You might not know it off hand, but Barbados– a tiny island now known mostly for pop star Rihanna – is an island paradise with a rich architectural history. Its formative slave trading years left a legacy of Jacobean and Georgian plantation houses dating as far back as the 1600s, as well as the much more modest Chattel house made of timber and set on stone foundations. Both building types still dot the Barbadian landscape, co-mingling easily with more modern structures.
But today’s Barbadian landscape is changing, and son of the soil and architect, Patrick Vaughan, is contributing to that change; an evolution that seeks to modernize and reinterpret the local vernacular of British, African and Tropical Blends. His aim, other than to create exciting livable spaces, is to echo the past with his designs while simultaneously leaping into the future.
Sounds ambitious, but if you know Patrick Vaughan, ambition is in his DNA. His parents were both respected educators “with a flair for the arts”. His mother is a retired high school art teacher while his dad, now deceased, was an elementary school principal and accomplished musician, organist and choirmaster. So it’s no wonder that with this kind of influence, Patrick’s vision is tempered with his own brand of creativity.
His early parental influences coupled with a sound local educational background were the building blocks needed for his undergraduate architectural studies at the University of Technology (UTECH) in Jamaica and graduate studies at Florida Agricultural and Mechanical University (FAMU) where he earned a Master of Architecture degree in 2002. All the while his architectural influences grew and resonated strongest with architects who had a desire for creating iconic structures, like Frank Gehry, and those who respond sensitively to the environment, like Glenn Murcutt.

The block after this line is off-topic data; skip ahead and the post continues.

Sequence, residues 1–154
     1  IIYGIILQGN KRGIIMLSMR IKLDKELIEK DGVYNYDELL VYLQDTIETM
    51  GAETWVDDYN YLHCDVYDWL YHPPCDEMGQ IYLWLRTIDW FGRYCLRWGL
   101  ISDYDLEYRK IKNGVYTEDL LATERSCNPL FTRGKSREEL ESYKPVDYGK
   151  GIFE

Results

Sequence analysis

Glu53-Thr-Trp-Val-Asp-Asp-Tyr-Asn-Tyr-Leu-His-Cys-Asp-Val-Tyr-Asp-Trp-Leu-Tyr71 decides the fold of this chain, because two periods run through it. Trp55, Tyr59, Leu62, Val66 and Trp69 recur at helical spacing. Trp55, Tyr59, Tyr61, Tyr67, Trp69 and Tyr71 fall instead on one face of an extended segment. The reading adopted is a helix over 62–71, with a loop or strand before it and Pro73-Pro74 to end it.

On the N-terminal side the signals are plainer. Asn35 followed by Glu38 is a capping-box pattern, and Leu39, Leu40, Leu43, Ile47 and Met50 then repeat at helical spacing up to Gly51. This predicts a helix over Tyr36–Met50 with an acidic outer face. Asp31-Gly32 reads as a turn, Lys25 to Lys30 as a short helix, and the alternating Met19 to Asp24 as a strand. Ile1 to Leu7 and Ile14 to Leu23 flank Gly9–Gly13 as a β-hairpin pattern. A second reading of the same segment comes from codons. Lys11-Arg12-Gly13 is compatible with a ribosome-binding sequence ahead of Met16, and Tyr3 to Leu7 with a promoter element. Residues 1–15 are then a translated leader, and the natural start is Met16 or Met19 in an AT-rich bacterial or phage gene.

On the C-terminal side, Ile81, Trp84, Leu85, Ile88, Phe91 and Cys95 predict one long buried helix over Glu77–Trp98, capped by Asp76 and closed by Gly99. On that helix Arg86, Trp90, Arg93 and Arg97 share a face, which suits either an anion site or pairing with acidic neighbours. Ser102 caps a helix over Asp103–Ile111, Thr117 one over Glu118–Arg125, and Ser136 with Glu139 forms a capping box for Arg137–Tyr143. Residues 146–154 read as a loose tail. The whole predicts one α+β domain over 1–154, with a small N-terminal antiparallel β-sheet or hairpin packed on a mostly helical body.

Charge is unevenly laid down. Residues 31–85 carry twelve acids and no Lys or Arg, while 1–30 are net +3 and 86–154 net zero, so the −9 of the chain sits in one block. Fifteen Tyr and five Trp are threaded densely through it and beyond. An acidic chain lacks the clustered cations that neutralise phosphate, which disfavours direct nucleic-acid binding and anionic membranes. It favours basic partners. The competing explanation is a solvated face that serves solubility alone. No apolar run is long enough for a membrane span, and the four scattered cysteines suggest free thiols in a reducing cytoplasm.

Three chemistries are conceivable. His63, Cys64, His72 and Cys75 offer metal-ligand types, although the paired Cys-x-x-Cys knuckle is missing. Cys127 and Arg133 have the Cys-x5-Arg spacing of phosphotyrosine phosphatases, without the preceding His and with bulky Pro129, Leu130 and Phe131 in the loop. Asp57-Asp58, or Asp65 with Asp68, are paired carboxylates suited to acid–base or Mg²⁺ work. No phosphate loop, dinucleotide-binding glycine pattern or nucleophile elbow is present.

Since then, Patrick’s creative eye and talent have led him to work on quite a few projects both in and outside the Caribbean, as well as mainly along the East Coast of the USA and one airport project in Nigeria.
He notes: “Just about all the projects I’ve worked on have been collaborative efforts where I was a part of design teams, and most are quite large”. In fact, when he worked at Architects Cubed Inc. in Barbados, he was almost singlehandedly responsible for the Boarded Hall Green project, a new eco-friendly gated condominium community on the island that consisted of 68 units. Its "green" features include landscaping watered by an on-site treatment plant, solar-powered street lights, recyclable garbage disposal, solar heated water and optional solar photovoltaic electricity. Patrick’s role was to develop and fine-tune the design past its preliminary design stage and into construction.
“The overall aim was to create affordable housing without stripping it completely of eye-catching design that tends to inflate the cost. Because it is consistently warm with a strong dependable breeze, it made sense that the units were open to the outdoors to take advantage of this," he explains.
In Barbados, as part of the green initiative, the opportunity is taken wherever possible to open up buildings to allow the breeze to flow through, rather than rely on motorized cooling systems.
He points out that Barbados routinely takes advantage of solar harvesting for heating water and producing electricity, adding that collecting rainwater for irrigation purposes is a regulated requirement for all new construction and in some instances “grey” water is collected and treated, again for irrigation purposes.
“For residential projects, like Boarded Hall Green, although dryers are provided, discreet drying yards are incorporated where it is practical to reduce energy consumption. This all lends into the island’s new ecologically sensitive design push,” he says.
With a view to having his own architectural firm by 2015, where he can exercise greater design freedom, Patrick quips: “Unfortunately, unrestrained creativity is almost always stifled by budget. Generally, clients have a fairly clear idea of what they would like to have, but there is always room to sneak in your own brand of creativity”. To illustrate this last point, he recalls going through several iterations of ultra-modern glass and steel proposals for the Augusta Regional Airport, but the client was quite set on an airport that was reminiscent of the city’s many plantation houses.
To remain relevant, Patrick is always keen to embrace technology in his design process and regularly uses cutting-edge architectural tools like Sketchup, Revit, 3dStudioMax, and Photoshop as well as AutoCAD.
So as the history and tradition of coral stone and terracotta tiles, which made up part of the framework of the architectural heritage in Barbados erodes away, it doesn’t seem so bad when you have the future of architecture in the hands of the likes of Patrick Vaughan.